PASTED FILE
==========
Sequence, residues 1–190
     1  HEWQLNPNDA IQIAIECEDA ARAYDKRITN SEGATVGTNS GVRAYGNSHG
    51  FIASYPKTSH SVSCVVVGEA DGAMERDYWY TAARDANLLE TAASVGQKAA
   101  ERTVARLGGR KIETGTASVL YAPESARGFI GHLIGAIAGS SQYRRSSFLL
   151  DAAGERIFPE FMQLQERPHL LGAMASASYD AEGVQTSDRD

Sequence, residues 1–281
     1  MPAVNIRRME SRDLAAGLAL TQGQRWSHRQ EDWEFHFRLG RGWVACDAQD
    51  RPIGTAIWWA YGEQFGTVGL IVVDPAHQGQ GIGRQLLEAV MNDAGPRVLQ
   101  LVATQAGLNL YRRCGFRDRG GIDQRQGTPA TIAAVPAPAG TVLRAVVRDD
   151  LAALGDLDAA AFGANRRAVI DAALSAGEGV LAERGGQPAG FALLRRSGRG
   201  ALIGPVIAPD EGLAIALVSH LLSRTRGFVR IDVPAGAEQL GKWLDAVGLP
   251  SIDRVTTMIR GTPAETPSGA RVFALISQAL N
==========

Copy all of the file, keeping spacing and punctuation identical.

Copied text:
Sequence, residues 1–190
     1  HEWQLNPNDA IQIAIECEDA ARAYDKRITN SEGATVGTNS GVRAYGNSHG
    51  FIASYPKTSH SVSCVVVGEA DGAMERDYWY TAARDANLLE TAASVGQKAA
   101  ERTVARLGGR KIETGTASVL YAPESARGFI GHLIGAIAGS SQYRRSSFLL
   151  DAAGERIFPE FMQLQERPHL LGAMASASYD AEGVQTSDRD

Sequence, residues 1–281
     1  MPAVNIRRME SRDLAAGLAL TQGQRWSHRQ EDWEFHFRLG RGWVACDAQD
    51  RPIGTAIWWA YGEQFGTVGL IVVDPAHQGQ GIGRQLLEAV MNDAGPRVLQ
   101  LVATQAGLNL YRRCGFRDRG GIDQRQGTPA TIAAVPAPAG TVLRAVVRDD
   151  LAALGDLDAA AFGANRRAVI DAALSAGEGV LAERGGQPAG FALLRRSGRG
   201  ALIGPVIAPD EGLAIALVSH LLSRTRGFVR IDVPAGAEQL GKWLDAVGLP
   251  SIDRVTTMIR GTPAETPSGA RVFALISQAL N